Antituberculous drugs are used in the treatment of the bacterial infection tuberculosis.
How are they used?
If you are diagnosed with TB, the strain of bacteria causing the infection will be tested to determine its sensitivity to specific antituberculous drugs. While you are waiting for the results, which can take up to 2 months, your doctor will prescribe an initial combination of three or four drugs to be taken orally. The main drugs used are isoniazid, pyrazinamide, ethambutol, and rifampicin. After the initial 2 months, isoniazid and rifampicin are used. Treatment with these drugs is usually continued for 4 months to ensure that the infection is eradicated. In some cases, this treatment may need to be continued for a longer period, depending on the organs affected. For example, treatment may need to continue for 12 months if the infection has led to meningitis.
It is important that you complete the course of drugs as instructed by your doctor. If you fail to do so, the bacteria may not be eradicated and drug-resistant strains may develop, which can then be transmitted to other people.
What are the side effects?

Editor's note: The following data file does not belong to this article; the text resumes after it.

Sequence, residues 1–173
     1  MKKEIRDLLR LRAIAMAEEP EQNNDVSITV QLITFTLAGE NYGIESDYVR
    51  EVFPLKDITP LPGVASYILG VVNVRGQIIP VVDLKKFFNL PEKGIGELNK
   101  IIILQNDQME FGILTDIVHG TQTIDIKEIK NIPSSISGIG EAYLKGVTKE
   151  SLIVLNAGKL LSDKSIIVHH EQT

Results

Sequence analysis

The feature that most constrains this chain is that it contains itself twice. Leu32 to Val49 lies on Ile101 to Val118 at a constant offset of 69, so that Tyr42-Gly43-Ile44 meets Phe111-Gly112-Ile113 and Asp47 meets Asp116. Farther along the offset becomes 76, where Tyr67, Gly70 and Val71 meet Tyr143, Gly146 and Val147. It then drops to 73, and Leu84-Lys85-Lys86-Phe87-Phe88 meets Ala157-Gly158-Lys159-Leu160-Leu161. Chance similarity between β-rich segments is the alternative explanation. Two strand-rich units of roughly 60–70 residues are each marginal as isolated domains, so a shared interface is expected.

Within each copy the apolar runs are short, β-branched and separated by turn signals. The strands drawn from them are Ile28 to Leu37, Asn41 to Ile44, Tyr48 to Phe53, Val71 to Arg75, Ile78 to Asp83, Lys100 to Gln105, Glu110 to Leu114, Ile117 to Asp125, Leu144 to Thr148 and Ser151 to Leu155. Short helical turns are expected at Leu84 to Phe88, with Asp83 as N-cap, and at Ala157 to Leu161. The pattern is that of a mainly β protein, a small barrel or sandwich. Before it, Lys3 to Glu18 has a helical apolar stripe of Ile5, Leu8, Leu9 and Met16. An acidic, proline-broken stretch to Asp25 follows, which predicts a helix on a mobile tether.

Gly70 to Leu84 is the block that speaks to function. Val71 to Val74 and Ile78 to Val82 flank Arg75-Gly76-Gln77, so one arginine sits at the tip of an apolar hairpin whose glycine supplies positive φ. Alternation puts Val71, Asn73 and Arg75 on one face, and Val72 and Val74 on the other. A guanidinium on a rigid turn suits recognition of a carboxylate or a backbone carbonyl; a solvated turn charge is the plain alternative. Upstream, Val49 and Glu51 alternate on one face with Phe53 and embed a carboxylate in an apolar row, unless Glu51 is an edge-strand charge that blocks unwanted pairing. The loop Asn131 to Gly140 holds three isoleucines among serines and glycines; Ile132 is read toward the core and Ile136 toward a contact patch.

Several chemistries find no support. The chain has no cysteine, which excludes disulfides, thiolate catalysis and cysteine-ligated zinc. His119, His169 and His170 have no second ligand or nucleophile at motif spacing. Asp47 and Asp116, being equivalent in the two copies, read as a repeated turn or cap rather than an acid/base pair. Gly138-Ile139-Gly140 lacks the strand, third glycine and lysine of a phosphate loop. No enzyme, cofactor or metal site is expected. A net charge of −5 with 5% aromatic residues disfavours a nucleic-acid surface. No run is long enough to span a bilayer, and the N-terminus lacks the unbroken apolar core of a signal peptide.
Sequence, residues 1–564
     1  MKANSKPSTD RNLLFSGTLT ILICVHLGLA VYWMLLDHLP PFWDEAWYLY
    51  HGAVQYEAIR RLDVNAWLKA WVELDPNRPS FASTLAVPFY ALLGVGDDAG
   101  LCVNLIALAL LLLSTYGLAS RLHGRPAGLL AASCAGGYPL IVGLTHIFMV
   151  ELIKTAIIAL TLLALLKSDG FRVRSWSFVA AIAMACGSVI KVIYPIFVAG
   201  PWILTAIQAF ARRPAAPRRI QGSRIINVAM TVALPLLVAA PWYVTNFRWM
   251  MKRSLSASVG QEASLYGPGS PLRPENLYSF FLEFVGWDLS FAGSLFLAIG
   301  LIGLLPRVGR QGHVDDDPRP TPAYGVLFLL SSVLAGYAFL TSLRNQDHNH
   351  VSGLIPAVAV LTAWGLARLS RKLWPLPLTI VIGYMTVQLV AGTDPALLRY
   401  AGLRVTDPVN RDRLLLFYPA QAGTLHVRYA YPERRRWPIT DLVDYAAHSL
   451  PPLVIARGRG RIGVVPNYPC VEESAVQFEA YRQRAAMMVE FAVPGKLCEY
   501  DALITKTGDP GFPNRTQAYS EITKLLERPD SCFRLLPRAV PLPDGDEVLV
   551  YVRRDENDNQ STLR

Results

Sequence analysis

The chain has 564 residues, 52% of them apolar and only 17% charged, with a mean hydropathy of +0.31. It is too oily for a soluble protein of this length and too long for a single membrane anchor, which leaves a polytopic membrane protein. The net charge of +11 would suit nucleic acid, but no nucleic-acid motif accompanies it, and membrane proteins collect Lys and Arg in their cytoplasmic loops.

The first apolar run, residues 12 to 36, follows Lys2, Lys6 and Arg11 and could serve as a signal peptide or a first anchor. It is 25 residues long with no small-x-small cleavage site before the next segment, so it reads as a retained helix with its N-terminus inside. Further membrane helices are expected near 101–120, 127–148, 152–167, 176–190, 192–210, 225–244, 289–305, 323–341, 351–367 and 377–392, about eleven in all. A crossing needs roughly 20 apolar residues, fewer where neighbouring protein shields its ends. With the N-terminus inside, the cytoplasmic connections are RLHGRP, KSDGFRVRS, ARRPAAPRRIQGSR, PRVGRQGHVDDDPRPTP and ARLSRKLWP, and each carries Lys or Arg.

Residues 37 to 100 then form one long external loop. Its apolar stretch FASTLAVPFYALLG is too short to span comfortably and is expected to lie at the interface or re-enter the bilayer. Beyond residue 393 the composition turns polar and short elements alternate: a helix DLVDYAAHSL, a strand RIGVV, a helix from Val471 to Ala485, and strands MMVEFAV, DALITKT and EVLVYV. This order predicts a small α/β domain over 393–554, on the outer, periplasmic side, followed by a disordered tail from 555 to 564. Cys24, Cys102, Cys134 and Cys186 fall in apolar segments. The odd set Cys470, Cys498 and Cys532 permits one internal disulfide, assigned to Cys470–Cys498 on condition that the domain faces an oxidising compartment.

Antituberculous drugs may cause side effects, such as nausea, vomiting, rashes, and abdominal pain. Isoniazid, pyrazinamide, and rifampicin may damage the liver, so you will have liver function tests before treatment. If your liver function is found to be impaired, you will have regular liver function monitoring during treatment. Kidney function will also be checked before treatment; if your kidney function is impaired, a reduced drug dosage will be given. Rifampicin may turn urine and other body secretions red, but this effect is harmless. Isoniazid may affect the nerves, causing numbness or tingling in the hands or feet. Ethambutol may rarely damage the nerves in the eyes, causing vision problems. People taking it are usually advised to have regular vision tests. If you are taking it and develop blurred vision or cannot distinguish colours, see your doctor promptly.
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